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When spider webs unite, they can tie up a lion1: NLM’s work in information technology and health in Africa, 1997–2011


In 1997, Donald A.B. Lindberg M.D., Director, U.S. National Library of Medicine (NLM) agreed to address the request of African malaria researchers for full access to the Internet and medical journals as part of the U.S. National Institutes of Health’s (NIH) contribution to the Multilateral Initiative on Malaria (MIM). This challenge matched my interests and previous experience in Africa. I joined NLM in 1997 to help establish the MIM Communications Network (MIMCom) in partnership with several NIH components and more than 30 other partners in Africa, the U.S., the United Kingdom (U.K.), and Europe. After a successful launch of MIMCom, NLM worked with African partners to create a series of innovative programs with scientists, librarians, journal editors, and medical students to build capacity on the continent and enhance global access to research in Africa.


The challenge that drew me to the U.S. National Library of Medicine (NLM) and to working with its Director, Donald A.B. Lindberg, M.D., came from a meeting of African malaria researchers, funding agencies, and academic and non-governmental organization (NGO) partners in Dakar, Senegal, in January of 1997. African scientists wanted the same tools and support for carrying out research that scientists in the industrialized world enjoyed. African scientists wanted to be able to communicate with colleagues, have access to medical literature, collaborate on proposals, write papers and present their research to the world. They wanted to build capacity through mentoring and competing for grants, create multi-country networks, and send large amounts of data.

Out of this meeting came the Multilateral Initiative on Malaria (MIM) and the critical commitment of Harold Varmus, MD, then Director, U.S. National Institutes of Health (NIH), to assist the African researchers and to put money on the table to do so [1]. Dr. Varmus asked Don Lindberg and NLM to address African researchers’ request for Internet access, at the time often practically unusable or nonexistent, and access to medical journals. Don embraced the challenge, and that is where this chapter begins.

In 1997, malaria in Sub Saharan Africa was killing more than one child every minute, based on data available from the Institute for Health Metrics and Evaluation (IHME), Global Burden of Disease (GBD), and the World Health Organization (WHO) [2]. Yet malaria was a minor blip on the radar screen of global health, and most funding for research, control, and treatment in Africa was focused on HIV/AIDS which, of course, had been a scourge in the U.S. as well.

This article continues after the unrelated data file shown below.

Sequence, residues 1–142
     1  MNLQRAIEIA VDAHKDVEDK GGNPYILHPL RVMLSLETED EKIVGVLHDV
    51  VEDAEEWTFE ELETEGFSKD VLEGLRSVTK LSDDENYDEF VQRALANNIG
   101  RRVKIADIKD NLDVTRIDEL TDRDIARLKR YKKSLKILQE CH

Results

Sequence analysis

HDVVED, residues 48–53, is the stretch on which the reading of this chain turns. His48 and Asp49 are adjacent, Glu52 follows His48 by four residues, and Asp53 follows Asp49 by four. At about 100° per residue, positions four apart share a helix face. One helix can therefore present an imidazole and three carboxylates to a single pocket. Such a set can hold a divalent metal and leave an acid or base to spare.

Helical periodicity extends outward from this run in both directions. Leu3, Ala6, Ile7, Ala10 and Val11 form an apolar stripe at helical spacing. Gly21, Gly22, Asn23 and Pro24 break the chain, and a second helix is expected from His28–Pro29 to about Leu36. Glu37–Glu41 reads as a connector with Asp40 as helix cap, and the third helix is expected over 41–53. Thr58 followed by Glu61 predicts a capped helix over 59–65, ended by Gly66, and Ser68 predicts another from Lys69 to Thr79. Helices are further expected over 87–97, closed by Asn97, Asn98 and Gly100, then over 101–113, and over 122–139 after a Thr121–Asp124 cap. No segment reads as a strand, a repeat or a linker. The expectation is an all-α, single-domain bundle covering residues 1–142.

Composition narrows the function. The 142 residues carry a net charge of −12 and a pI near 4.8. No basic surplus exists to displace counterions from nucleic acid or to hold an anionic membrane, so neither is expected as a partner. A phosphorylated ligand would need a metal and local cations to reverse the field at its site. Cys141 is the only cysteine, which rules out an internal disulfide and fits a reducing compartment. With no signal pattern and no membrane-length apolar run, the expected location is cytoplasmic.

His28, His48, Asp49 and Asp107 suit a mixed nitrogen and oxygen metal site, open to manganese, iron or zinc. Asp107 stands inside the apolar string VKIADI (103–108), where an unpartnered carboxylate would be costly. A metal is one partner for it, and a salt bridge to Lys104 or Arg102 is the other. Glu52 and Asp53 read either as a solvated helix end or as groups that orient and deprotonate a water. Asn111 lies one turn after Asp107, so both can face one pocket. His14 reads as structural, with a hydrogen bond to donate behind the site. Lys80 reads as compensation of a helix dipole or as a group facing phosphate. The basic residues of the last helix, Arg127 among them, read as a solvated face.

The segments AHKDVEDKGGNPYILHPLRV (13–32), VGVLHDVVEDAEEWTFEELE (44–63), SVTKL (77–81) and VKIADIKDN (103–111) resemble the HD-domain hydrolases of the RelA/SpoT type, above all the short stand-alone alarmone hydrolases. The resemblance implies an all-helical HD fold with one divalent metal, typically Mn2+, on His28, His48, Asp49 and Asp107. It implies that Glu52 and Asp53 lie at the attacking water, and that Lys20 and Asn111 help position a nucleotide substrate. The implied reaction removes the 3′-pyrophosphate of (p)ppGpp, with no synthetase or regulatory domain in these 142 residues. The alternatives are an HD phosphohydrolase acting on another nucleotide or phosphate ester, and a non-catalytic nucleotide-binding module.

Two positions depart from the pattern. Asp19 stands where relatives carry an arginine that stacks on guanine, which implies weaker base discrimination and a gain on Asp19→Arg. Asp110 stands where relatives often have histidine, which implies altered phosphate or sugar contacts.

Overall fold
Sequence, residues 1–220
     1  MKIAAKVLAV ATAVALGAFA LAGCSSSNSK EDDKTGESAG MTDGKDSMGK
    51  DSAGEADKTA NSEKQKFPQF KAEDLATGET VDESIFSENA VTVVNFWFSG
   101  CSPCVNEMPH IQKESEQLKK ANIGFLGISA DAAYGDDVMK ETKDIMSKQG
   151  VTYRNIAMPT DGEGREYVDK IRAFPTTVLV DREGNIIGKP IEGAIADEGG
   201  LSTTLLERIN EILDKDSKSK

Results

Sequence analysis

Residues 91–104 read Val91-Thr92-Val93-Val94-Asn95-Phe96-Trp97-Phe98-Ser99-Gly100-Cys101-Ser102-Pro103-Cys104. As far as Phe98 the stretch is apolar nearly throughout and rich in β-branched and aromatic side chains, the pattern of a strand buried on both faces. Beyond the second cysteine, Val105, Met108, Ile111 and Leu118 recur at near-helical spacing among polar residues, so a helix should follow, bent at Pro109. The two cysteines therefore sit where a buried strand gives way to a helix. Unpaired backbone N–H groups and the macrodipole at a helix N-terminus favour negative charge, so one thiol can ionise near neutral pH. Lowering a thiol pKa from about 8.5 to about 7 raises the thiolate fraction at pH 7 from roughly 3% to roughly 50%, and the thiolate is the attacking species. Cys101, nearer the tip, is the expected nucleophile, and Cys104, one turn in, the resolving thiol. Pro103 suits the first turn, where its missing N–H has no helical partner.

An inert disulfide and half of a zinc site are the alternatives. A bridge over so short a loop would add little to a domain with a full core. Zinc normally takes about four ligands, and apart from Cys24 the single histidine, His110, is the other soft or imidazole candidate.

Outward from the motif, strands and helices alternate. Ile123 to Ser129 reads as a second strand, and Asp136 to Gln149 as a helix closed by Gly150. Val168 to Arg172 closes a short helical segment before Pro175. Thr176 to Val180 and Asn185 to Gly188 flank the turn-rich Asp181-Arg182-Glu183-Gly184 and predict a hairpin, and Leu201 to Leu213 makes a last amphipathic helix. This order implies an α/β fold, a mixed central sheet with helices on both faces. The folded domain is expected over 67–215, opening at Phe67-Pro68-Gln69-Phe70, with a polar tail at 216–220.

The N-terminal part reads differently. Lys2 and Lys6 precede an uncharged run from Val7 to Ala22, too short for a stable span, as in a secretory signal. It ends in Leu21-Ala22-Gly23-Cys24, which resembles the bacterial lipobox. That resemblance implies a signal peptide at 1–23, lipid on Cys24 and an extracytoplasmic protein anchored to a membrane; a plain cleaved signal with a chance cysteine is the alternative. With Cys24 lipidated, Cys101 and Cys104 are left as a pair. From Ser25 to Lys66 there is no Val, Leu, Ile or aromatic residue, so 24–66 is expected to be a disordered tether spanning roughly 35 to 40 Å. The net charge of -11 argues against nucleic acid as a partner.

At that time, most major U.S.-based or U.S.-supported funding agencies that would later publicize malaria as a major health issue in Sub Saharan Africa were not yet in existence. The Bill & Melinda Gates Foundation was founded in 2000, The Global Fund to fight AIDS, Tuberculosis, and Malaria was started in 2002, the President’s Emergency Plan for AIDS Relief (PEPFAR) was launched in 2003, and the U.S. President’s Malaria Initiative was announced in 2005.

In Africa, many research sites had been set up by universities and institutes from the UK and Europe, often, but not always, following old colonial, i.e, top down, or non-governmental organization (NGO) models, i.e, often stand alone and not coordinated with one another or with the health priorities of the African countries where they were based. NLM strove to implement a collegial approach. What follows is a story of listening to the African scientists’ concerns and responding to their needs - an unusual modus operandi in 1997.

In the spring of 1997, I took the long escalator out of the Medical Center Metro station in Bethesda, MD, for a meeting at NLM. My family was in the process of relocating to Washington, DC, from Cambridge, Massachusetts. Kent Smith, then NLM Deputy Director, had told my husband Brian Kahin that NLM needed a person with IT, health information, and Africa experience to work on a mandate from the NIH Director. The mandate was to assist malaria researchers in Africa with enhanced Internet connectivity and access to medical literature. Although health IT in Africa today is a crowded (probably overcrowded) field, it was not then, and this specific expertise and on-the-ground experience were not to be found at NLM or NIH. However, as fortune would have it, the mandate from the African scientists mapped precisely with my earlier remit at SatelLife, a small NGO in Cambridge [3].

At SatelLife, I had been part of the team setting up HealthNet. We used a small low-earth orbit satellite, designed and manufactured by Surrey Satellite Technology Ltd in the UK, and simple ground stations on earth, each made up of a computer, “ham” radio, special modem, and send and receive antennae. I had initiated and been director of the HealthNet Information Service which comprised a document delivery service (volunteers using snail mail, diplomatic pouch, or any means possible), a Library Partnership Program between African librarians and librarians in the U.S. and U.K., and HealthNet News. HealthNet News was the first electronic publication for health in Sub Saharan Africa which published weekly and continuously for 20 years (now archived in NLM’s History of Medicine Division.) HealthNet, the first telecommunications system for health in Africa, was officially inaugurated in 1991.